Most of us have been there: A guy says, writes, does something and we’re not able to grasp why. “WTF?” Is the phrase that could sum up our mind process in these situation.

If you, by any chance, need an example of such a WTF moment, take a look at my conversation with a man to whom I’ve written a message on OkCupid. This is our first (and last) contact.

Me: Hey! That’s a lovely dog. Yours? 🙂
Guy: Hey, no, unfortunately. Great profile! You’re really pretty. If I was closer, I’d call you out..
Me: Nevermind. I only wanted to meet the dog anyway. 🙂
Guy: He’s a great dog. I only have street dogs in Antalya. But I can’t wait to see them. … (something illegible)… eating.
Me: Don’t eat your street dogs!
Guy: When I come back, I’ll eat you up alright!

Before blocking him, I wondered: what just happened? Did he have a stroke? Was his brain infested by an extraterrestrial worm, who feeds on embarrassment? How did the guy go from being a normal human to this kind of creep in a single second?

I haven’t asked myself these questions for the first time. The sudden creepiness can happen whenever: you walk down the street, being a person, minding your own business, and suddenly, a man feels entitled to comment on you. You want to catch a plane, and hear a drunk man making lewd remarks on your appearance, standing right behind you. You go to get a breath of fresh air in a forest, and lo and behold, a naked guy in sneakers casually strolls your way.

Gerda Lerner as the fly

So, what the actual fuck is the cause of these “Upside Down” moments? And yes, that is a Stranger Things reference. Why? It is clear some men live in a different dimension than I do: The Upside Down, The Vale of Creeps, you name it.

If you want to be the fly in this metaphor, be sure to read Gerda Lerner’s book The Creation of Patriarchy. There, she explains how and when the Tear in Time and Space that caused the opening of Gate to the Vale of Creeps could have happened. And now, enough of Stranger Things metaphors. In normal language, how and when men started to rule women.

So, when? According to Lerner, more than 6000 thousand years ago. That’s a long time, right? No wonder so many people believe that women’s submission is “natural.” It certainly feels natural.

And, how did patriarchy come into being? Lerner argues it started by the realization, that incest has weird consequences. To prevent close relatives having children, neighboring tribes began to exchange women of procreative age. Why were women, and not men, the objects of exchange, is still unclear.

Eye for an eye, woman for a woman

It is surely worth a WTF when a person treats another person as a thing. As a gadget, that can be bought, sold, exchanged, thrown away, kept in the dark, or destroyed at will.

Gerda Lerner offers us a great look at the history of such treatment of people by other people. She claims that men were only able to invent slavery thanks to the fact that they had previous experience with the subjection of women. On women, they have successfully tested out a hypothesis, that it is possible to persuade a huge group of people of their inherent inferiority.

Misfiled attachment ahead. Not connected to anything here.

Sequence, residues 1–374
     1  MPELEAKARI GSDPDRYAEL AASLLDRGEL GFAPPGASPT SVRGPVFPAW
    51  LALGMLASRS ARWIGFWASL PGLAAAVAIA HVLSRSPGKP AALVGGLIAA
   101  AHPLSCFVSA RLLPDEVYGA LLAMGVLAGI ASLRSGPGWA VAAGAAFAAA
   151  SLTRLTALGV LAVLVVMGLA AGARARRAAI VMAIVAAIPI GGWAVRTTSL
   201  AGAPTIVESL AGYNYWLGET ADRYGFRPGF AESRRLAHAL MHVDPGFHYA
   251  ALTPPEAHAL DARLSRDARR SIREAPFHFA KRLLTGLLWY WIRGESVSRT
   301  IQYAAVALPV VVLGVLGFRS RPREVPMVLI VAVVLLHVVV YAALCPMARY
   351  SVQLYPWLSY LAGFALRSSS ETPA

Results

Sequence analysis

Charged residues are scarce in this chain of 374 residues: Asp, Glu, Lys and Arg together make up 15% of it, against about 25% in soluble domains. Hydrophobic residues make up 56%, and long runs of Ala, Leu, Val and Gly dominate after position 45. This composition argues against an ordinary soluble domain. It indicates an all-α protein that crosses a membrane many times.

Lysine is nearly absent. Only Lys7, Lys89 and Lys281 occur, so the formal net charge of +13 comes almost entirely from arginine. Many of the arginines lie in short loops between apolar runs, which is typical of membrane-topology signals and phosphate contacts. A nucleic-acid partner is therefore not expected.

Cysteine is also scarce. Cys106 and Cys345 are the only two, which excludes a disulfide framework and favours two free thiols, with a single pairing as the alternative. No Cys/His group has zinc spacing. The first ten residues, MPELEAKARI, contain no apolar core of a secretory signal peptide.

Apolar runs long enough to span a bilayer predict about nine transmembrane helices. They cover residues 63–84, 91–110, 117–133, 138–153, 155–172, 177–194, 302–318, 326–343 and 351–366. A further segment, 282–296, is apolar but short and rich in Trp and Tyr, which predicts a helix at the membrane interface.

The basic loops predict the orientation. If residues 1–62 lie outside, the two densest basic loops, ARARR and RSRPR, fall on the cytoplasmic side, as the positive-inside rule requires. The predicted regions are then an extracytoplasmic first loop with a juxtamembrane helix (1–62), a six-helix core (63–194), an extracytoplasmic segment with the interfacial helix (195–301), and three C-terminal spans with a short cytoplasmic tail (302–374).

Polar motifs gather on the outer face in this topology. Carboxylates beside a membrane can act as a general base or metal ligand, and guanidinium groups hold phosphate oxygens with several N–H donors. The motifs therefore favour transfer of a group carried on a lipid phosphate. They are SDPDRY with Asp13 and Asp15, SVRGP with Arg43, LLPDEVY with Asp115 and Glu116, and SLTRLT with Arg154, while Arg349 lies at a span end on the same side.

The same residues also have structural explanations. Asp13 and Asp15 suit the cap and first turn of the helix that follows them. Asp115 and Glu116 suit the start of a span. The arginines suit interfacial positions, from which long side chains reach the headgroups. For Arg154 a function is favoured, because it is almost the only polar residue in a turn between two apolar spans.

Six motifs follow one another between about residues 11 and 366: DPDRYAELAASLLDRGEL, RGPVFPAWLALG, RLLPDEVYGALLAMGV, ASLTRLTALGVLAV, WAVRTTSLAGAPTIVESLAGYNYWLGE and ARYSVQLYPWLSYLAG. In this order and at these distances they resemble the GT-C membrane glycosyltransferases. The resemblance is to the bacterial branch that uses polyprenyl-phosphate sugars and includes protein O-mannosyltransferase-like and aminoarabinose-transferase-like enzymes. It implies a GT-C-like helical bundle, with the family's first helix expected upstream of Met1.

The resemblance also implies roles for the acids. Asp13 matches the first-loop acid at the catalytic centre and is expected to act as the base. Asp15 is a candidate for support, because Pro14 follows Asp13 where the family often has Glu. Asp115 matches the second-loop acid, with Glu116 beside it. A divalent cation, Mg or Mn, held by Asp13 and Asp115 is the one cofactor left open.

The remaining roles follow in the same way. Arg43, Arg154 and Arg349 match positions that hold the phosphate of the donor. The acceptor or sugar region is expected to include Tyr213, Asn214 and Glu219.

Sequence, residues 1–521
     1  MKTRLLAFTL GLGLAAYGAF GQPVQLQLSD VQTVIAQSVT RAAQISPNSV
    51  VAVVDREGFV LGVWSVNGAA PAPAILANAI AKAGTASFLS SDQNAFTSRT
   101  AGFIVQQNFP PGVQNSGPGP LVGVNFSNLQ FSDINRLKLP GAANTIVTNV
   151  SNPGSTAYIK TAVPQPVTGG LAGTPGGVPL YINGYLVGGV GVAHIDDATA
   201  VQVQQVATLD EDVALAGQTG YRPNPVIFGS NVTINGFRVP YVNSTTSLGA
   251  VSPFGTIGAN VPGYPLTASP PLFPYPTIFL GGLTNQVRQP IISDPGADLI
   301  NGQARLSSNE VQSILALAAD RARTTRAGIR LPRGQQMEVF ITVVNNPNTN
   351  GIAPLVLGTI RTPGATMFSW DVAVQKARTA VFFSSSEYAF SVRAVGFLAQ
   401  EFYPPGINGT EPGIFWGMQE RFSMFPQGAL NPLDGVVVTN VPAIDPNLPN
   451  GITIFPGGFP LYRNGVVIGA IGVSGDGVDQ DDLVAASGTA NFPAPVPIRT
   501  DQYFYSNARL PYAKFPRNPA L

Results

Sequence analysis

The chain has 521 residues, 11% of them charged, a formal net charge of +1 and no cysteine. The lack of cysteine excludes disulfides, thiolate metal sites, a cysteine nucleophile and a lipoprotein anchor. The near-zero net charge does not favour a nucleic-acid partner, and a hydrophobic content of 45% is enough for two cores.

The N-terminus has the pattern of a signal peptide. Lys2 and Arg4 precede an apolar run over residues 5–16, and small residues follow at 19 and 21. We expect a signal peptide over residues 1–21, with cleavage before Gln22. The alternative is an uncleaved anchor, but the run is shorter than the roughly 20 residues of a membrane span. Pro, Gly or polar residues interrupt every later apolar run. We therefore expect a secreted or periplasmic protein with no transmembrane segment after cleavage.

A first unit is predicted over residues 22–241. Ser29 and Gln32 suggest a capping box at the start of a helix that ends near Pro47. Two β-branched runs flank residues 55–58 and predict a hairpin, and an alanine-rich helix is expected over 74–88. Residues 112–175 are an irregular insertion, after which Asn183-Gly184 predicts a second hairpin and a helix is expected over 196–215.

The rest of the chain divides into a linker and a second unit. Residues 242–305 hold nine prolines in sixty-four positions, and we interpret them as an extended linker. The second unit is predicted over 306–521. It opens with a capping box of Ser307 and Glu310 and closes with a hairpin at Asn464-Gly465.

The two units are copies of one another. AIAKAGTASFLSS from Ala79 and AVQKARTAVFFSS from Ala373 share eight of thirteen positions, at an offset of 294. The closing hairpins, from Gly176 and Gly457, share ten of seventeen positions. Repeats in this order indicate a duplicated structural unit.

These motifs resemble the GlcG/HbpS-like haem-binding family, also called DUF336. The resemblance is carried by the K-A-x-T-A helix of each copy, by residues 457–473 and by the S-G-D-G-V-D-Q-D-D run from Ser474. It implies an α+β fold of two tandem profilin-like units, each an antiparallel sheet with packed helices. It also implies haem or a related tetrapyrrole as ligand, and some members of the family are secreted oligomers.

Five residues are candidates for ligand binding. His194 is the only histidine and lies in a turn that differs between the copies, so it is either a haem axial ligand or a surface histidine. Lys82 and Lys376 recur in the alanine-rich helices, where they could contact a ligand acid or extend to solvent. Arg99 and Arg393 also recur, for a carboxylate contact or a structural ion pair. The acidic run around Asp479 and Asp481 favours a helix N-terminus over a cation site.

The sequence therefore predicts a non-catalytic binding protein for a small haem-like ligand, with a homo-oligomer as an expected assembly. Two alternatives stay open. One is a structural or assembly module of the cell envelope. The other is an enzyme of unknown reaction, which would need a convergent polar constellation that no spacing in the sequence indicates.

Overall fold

She also offers a revolting and revealing look into the laws and practices concerning women in ancient civilizations. In Mesopotamia, as well as elsewhere in the same time period, the women and children were totally submitted to the will of the man. A father could kill his children without penalty, and offer his daughters as wives in exchange for money.

Also, if a man raped another man’s wife, you know what the punishment was? The husband of the raped woman could in turn rape the wife of the rapist. Another “neat” punishment for the perpetrator was that his wife was made into a prostitute.

Obviously, in the case of attacks on married women, the actual crime in these ancient societies was the damaging of a person’s property. In other words, you harm my goods, I harm yours. Also, if the male master was in debt, he could offer his children and wife to his creditor, until he was able to pay off his debt.

Women as a form of property in later civilisations

Women were considered a de facto property not only in Sumeria, Babylon, Mesopotamia and Assyria. The objectification of women has continued well into our times. To offer an example from the earlier times, take a look at the Old Testament’s Exodus 20:17. “You shall not covet your neighbor’s house; you shall not covet your neighbor’s wife, nor his male servant, nor his female servant, nor his ox, nor his donkey, nor anything that is your neighbor’s.”

I don’t want to get into the whole history of women’s legal rights, so let me just mention a quite recent law showing the notion of women being de facto property was present in our legal systems not such a long time ago. Until the 70’s of the 20th century, in most “western” societies, if a husband raped his wife, it wasn’t considered a crime. The wife was HIS, afer all, am I right?

If you’re jubilant about the fact that we’re now living in different times, hold your donkeys for a moment. Although our laws are now mostly egalitarian, the reality, unfortunately, still hasn’t quite catched up. We see it in the punishments, or lack of thereof for rapes, for domestic violence (it was HIS wife, right?), in sexist ads, in catcalling and in everyday conversations. In Stranger Things terms, we can still see the WTFs of objectification leak from the Upside Down to the dimension in which we try to live as persons.


Lerner, Gerda. The Creation of Patriarchy. New York: Oxford UP, 1986. Print